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Kingwood Planning Commission discusses regulations for signs

KINGWOOD — Debate on changes in Kingwood’s ordinance regulating signs will continue.

The city planning commission met Thursday for a public hearing and possible second vote on the amended ordinance. After considering several questions raised by Kingwood Recorder Bill Robertson, the group amended the proposed ordinance and will set another public hearing and vote.

In other matters, Planning Commission Chairman Mike Lipscomb said the city attorney said he doesn’t have experience in annexation and does not want to participate in any annexation actions. Lipscomb said he will find attorneys who are familiar with annexation, for when the committee considers the issue.

No date was set for that.

No residents attended the public hearing. Robertson said his concern is that the ordinance be plain so that council can enforce it fairly.

“Hopefully this will draw the line and say, okay, from this point forward, this is how it’s going to be,” Robertson said. “So that’s why I’m kind of picking some of these things and questioning how are we going to enforce it, can we enforce it and is it written the way it should be to start with?”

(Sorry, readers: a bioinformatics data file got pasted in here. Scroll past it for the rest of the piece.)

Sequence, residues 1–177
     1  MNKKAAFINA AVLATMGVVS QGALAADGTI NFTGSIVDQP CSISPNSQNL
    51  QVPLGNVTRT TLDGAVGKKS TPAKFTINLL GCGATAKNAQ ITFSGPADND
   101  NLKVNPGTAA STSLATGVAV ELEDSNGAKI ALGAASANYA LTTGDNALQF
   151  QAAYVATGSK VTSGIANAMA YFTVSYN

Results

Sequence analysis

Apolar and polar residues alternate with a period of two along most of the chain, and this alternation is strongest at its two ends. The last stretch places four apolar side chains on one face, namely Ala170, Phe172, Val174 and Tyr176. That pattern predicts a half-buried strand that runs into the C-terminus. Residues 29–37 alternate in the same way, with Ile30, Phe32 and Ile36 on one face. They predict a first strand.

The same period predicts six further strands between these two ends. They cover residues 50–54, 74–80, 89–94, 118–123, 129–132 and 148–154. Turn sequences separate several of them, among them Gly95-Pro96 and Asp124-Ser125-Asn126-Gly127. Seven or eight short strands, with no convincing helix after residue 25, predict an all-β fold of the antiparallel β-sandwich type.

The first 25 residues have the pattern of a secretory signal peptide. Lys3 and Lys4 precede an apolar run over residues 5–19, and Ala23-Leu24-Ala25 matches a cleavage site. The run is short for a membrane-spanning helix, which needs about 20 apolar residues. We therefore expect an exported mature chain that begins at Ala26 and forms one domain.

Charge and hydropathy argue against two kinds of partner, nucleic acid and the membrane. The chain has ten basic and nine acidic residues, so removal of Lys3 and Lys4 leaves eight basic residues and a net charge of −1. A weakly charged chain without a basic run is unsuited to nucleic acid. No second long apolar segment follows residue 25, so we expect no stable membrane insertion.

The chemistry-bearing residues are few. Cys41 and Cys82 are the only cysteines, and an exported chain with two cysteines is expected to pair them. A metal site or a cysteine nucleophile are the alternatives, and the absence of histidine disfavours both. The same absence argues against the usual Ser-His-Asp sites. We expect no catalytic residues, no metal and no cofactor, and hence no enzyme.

Commission Member Mike Stump said he believes the ordinance as rewritten is enforceable. He and fellow commission Member Josh Fields said people can apply for a variance, if they want an exception from the ordinance. Lipscomb said the new city web site, now in the works, will also make the rules more readily available to everyone.

Robertson thanked the commission for its work revising the ordinance. The commission reviewed similar ordinances from several towns and had several discussions before considering changes to Kingwood’s ordinance.

The ordinance limits the number of signs to two per business and defines the number of square feet signs can occupy. Those two are separate from directional signs that may point the way to a business, temporary signs like menu boards that change frequently and banners.

Signs that advertise property for sale or projects under way are also addressed separately, because it is to the community’s advantage to sell property and not hinder development, Lipscomb said.

Changing any ordinance has far reaching consequences, Lipscomb said, so the commission is planning for the future.

One change Robertson proposed is limiting the square footage of banners to the same total square footage as currently permitted signs, rather than not limiting the number or size of banners. The commission unanimously approved that amendment.

The commission also amended wording governing flat signs on buildings that face public parks, schools, libraries, churches or similar institutions to make the limits plainer.

Robertson noted the ordinance does not address signs perpendicular to the sidewalk, like those on Price Street. The group decided owners can seek a variance to get a new sign like this, but Lipscomb said in future it may want to consider allowing these signs in B2 zones.

The ordinance will be advertised in the newspaper again and another public hearing held. The commission’s regular meetings are held 6 p.m. the first Thursday of each month at city hall.